The New York Times’ Tara Parker-Pope, writing in the paper’s Well blog, reports on a survey of recent medical school graduates who trained to become surgeons. Johns Hopkins University researchers found that 59% of the grads reported having been stuck by a needle at least once during medical school, and roughly half of the needlestick victims didn’t report their injuries to hospital officials, often because of the time and paperwork involved in making reports.
Needlesticks put both patients and healthcare workers at risk for contracting HIV or hepatitis C. Medical students are at high risk of getting stuck by a needle, but may be less likely than other healthcare workers to report the injury, Parker-Pope notes:
Injections, intravenous lines, biopsies and the sewing up of incisions are mundane tasks often relegated to medical students, who typically have less experience and skill at handling needles. But when students do get pricked by a needle, they are often being graded on their overall performance, giving them less incentive to report the injury.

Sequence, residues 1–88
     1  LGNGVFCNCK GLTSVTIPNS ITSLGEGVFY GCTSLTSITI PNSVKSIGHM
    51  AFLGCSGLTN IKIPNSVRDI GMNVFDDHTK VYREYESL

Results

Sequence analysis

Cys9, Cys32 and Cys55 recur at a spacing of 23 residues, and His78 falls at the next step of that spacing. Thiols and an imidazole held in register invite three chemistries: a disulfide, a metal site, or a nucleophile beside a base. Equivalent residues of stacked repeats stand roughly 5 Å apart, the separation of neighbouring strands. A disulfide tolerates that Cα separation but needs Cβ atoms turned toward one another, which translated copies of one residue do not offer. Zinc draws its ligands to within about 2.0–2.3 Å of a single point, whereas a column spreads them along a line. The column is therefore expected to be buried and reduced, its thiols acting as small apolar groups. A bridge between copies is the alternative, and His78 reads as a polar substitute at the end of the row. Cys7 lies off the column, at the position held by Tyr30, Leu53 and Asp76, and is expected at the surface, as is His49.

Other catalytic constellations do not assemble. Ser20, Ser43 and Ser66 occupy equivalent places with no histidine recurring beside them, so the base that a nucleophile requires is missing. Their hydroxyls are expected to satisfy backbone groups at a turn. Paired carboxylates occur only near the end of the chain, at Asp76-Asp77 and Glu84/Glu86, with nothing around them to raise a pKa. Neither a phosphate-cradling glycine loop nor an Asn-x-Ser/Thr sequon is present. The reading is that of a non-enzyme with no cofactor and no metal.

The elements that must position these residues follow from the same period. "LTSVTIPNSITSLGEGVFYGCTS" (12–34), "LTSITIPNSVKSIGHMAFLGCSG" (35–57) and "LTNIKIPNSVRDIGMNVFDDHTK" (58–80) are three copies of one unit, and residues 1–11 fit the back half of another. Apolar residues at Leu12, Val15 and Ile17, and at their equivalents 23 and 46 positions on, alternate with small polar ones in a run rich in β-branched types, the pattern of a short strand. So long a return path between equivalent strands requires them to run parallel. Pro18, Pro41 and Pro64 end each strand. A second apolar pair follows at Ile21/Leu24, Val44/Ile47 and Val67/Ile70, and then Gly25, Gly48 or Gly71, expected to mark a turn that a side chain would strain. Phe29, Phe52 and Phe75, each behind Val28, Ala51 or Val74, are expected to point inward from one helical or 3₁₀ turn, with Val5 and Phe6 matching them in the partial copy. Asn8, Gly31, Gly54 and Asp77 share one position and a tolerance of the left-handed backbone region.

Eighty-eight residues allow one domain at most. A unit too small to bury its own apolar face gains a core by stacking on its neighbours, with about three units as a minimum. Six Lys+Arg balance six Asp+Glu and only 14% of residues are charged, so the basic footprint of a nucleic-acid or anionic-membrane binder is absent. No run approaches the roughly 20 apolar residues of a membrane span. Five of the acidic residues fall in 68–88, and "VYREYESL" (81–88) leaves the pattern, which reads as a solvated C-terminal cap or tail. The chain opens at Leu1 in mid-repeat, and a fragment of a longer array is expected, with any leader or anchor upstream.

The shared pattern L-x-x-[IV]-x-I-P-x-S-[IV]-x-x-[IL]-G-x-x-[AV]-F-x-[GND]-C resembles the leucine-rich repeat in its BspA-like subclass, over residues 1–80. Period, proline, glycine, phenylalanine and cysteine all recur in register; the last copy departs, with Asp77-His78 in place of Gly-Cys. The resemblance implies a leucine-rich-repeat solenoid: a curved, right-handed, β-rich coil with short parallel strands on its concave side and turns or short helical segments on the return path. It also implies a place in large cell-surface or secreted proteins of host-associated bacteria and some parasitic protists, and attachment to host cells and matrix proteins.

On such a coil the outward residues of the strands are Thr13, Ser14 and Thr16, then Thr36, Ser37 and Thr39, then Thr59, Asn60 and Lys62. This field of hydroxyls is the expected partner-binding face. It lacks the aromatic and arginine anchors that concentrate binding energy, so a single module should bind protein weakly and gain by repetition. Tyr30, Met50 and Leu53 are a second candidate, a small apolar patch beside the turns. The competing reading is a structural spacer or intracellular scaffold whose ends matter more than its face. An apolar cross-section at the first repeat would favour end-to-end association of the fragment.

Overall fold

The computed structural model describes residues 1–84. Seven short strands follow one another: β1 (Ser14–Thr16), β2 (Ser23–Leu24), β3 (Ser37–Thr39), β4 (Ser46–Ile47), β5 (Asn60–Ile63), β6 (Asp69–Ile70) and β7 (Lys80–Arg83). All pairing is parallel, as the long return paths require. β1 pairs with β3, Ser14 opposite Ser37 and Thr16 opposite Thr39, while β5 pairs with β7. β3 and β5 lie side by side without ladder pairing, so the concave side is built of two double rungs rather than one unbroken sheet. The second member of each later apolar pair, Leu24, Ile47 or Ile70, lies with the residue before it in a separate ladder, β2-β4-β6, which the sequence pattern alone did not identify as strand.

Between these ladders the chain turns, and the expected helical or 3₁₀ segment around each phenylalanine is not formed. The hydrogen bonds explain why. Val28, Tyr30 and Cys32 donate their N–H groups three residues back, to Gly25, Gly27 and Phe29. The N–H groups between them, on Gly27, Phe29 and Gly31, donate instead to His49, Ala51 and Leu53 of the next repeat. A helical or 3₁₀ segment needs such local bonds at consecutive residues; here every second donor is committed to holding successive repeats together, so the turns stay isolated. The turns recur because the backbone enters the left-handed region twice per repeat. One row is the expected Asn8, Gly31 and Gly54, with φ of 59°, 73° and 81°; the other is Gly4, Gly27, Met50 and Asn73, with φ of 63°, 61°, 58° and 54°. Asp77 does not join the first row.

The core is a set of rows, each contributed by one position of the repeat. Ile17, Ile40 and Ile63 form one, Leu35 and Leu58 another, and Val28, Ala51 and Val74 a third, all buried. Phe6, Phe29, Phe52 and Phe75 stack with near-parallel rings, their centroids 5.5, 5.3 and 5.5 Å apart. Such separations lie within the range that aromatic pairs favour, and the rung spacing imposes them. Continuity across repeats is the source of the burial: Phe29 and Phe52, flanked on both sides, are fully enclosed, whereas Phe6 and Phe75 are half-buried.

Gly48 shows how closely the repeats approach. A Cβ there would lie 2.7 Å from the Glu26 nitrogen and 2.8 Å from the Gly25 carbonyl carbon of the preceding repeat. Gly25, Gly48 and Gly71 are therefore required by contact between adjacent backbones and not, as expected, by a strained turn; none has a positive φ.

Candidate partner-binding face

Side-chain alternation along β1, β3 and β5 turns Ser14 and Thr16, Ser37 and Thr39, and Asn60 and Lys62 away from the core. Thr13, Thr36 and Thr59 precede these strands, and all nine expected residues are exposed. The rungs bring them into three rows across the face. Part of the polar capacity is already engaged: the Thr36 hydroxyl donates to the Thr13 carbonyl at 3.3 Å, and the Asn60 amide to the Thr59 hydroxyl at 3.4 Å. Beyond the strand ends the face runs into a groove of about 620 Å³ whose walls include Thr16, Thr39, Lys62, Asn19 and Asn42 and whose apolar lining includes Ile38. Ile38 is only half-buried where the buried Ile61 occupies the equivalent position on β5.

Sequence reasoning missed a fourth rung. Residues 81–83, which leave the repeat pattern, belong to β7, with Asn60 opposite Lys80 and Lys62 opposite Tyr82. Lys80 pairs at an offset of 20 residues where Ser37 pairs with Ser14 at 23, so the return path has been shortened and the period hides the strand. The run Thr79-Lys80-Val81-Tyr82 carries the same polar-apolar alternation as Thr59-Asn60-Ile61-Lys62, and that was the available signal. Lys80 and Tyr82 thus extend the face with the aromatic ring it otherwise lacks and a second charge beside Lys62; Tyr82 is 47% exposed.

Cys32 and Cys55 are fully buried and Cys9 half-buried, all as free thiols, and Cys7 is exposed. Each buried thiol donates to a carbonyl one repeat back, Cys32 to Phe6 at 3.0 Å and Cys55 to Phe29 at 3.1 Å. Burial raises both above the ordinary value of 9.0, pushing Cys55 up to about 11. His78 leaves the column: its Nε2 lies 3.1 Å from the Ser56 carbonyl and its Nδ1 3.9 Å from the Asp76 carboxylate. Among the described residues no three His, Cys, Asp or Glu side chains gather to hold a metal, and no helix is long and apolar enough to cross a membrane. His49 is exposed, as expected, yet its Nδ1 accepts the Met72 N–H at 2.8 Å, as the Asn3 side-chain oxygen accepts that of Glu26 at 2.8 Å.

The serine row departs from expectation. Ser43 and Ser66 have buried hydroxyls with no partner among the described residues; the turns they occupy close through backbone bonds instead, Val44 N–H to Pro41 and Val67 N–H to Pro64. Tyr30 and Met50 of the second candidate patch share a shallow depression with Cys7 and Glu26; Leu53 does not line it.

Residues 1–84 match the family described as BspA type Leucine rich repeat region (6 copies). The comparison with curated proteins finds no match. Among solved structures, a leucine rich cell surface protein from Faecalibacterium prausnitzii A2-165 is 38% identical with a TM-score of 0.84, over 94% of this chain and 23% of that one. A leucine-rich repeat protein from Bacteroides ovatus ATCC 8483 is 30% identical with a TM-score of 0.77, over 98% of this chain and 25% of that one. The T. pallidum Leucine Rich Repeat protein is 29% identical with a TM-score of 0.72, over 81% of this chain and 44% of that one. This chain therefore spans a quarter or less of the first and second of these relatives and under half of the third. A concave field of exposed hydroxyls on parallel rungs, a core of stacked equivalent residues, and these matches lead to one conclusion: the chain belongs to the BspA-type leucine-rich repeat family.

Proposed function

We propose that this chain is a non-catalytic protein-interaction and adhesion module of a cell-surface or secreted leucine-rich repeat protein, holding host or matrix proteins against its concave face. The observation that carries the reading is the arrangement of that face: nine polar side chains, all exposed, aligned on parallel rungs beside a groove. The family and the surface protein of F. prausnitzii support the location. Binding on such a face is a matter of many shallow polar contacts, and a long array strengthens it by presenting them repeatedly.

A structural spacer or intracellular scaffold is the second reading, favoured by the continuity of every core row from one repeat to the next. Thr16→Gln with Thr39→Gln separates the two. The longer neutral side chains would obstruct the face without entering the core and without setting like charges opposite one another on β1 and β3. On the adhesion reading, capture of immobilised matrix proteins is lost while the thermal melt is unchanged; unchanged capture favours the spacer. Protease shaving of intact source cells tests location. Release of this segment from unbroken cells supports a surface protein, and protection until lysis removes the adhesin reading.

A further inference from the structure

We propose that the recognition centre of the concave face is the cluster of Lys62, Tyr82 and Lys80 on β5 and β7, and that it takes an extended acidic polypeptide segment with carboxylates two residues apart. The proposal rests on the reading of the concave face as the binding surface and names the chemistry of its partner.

Solutions include reducing the need to use sharp needles and other sharp tools, and simplifying the reporting process so that officials can respond to needlesticks appropriately.
In other news:
BBC: In China, 58 people have been charged with covering up a mine explosion that killed 34 people in Hebei province a few weeks before the Olympic Games.
Reuters: Two studies suggest that workers in laundry-detergent manufacturing facilities are at greater risk of developing respiratory problems, due to exposure to enzymes.
EHS Today: Nearly 9% of surgeons responding to a survey reported having committed a major error over the previous three months, and researchers have identified a relationship between errors and surgeons’ reported burnout and depression.
Kaiser Health News: The Senate healthcare bill now under consideration includes a requirement that employers provide unpaid reasonable break time for nursing mothers for a year after they give birth.
Associated Press: Many employers are working to prevent the spread of swine flu in their work places; tactics include making it easier for workers to stay home, limiting in-person meetings, discouraging handshakes, and educating employees about hygiene.